Viktor Sebelev, Director of the NGO "National Integration Center", comments on Maryam's story: «Judging by the story, Maryam, being a nurse, had a pretty good job in Moscow - her salary was almost twice the size of the pension of an average Moscow pensioner. In addition, she did not have to pay for food, rent, utilities and income tax, which are significant expenses in the capital. And this is actually being in an illegal position in a foreign country, when you had to hide from every policeman, because at any moment she could be detained and expelled from the country for a number of violations of the law». Sebelev claims that more than half of foreign migrants in Russia live this way. Some of them do it out of ignorance, some deliberately, and some were simply deceived by acquaintances, persuaded not to apply for a patent, and frightened by the «high cost».

Story two "Camilla"

Kamilla has long been a Muscovite with a good job and salary. But remembering her move from Uzbekistan and her first time in the capital, she involuntarily wrinkles her nose. It is hard to believe that an educated girl of model looks could get into such a situation: "I saw an advertisement for the position of 'assistant manager' with knowledge of English and decided to call back. The very next morning a man called me and set up an interview. Unsuspecting, Camilla went to the meeting. "I had just arrived, I didn't know Moscow at all, and I found myself in a very distant neighborhood," sighs Camilla.

Further on, the situation unfolded in a completely unpleasant way. Having barely found the office, which was on the outskirts of Moscow, in an old building, Camilla gingerly entered the office, which was located next door with many doors, the same offices.  "He closed the door and told me in direct text that he wanted me." He threatened that he would call a police squad and I would be deported back to Uzbekistan. "I said, let him call it in. I have a patent and I have nothing to be afraid of," Camilla recalls. "You think the police will be on your side! I'll say, you offered yourself to get a job."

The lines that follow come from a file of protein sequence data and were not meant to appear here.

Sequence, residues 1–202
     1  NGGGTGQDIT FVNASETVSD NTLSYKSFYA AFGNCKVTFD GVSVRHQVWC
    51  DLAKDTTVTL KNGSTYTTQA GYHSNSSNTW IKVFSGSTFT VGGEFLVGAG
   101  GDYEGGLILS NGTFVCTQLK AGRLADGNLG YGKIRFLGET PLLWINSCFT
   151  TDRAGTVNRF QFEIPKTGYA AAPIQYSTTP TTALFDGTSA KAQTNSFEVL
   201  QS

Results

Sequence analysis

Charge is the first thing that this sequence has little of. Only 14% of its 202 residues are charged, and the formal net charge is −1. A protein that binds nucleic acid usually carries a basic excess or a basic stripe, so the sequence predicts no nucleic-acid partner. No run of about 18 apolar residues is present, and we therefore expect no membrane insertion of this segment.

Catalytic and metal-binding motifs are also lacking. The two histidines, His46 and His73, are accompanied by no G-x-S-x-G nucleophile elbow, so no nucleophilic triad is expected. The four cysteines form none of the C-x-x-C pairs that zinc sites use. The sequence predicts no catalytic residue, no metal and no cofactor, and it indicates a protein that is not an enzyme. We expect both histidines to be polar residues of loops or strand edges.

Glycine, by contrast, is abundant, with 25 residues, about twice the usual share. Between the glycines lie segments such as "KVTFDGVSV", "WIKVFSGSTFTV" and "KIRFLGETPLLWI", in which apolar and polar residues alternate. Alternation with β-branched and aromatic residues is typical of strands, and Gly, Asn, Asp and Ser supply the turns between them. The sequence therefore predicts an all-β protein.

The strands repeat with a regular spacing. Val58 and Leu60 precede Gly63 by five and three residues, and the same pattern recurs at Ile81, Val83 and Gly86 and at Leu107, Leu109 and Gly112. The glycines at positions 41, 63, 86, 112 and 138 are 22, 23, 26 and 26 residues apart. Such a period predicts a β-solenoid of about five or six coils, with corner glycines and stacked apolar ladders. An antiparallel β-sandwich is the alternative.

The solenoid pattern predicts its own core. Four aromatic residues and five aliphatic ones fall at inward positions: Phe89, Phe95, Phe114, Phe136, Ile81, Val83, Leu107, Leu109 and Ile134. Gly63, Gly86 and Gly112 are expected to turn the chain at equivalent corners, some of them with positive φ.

Camille says she was adamant, but was unable to confront the man. Neither could she file a rape report. "If they find out in my home country, who will marry me?! Yes, and relatives always told her parents, "Why should she study so much, it's important for a girl to get married.

Not all women are willing to share their experiences similar to this. Suppression of traumatic events can be another sign of serious psychological trauma. Being subjected to sexual humiliation has become a source of stress for women who experience anxiety and depression after such incidents happen to them.  Camille says that every time she gets out of the shower, she still feels "kind of dirty."

The United Nations Population Fund (UNFPA) in a 2016 study indicated that threats from employers is one of the major phobias of concern for professionals, mentioned by 51% of women and 52% of men.

Gulshan Dolanbaeva, head of the NGO "Kyrgyzstan-Ural", comments on Kamilla's story: "On the one hand, it is impossible to say that the violation of rights and freedoms in migration concerns only women, on the other hand, women face violence more often than men. Thus, migrant women who work as nannies, governesses, i.e. at the employer's home, are more often subjected to violence. Women are more patient than men, they relive their psychological trauma internally and are afraid to talk about their experiences, so they rarely turn to law enforcement agencies for help".

Khadicha Abysheva, Director of International Justice Organization (USA) supports her colleague from Russia: "As you can see from the description of Kamilla's situation, she is in migration legally without violations, she has a patent, but still she is at risk, it does not protect her from humiliating treatment and the possibility of being raped. As a rule, in such a situation one would go to the police, but the mentality, what if compatriots or relatives find out? Shame!" Abysheva complained.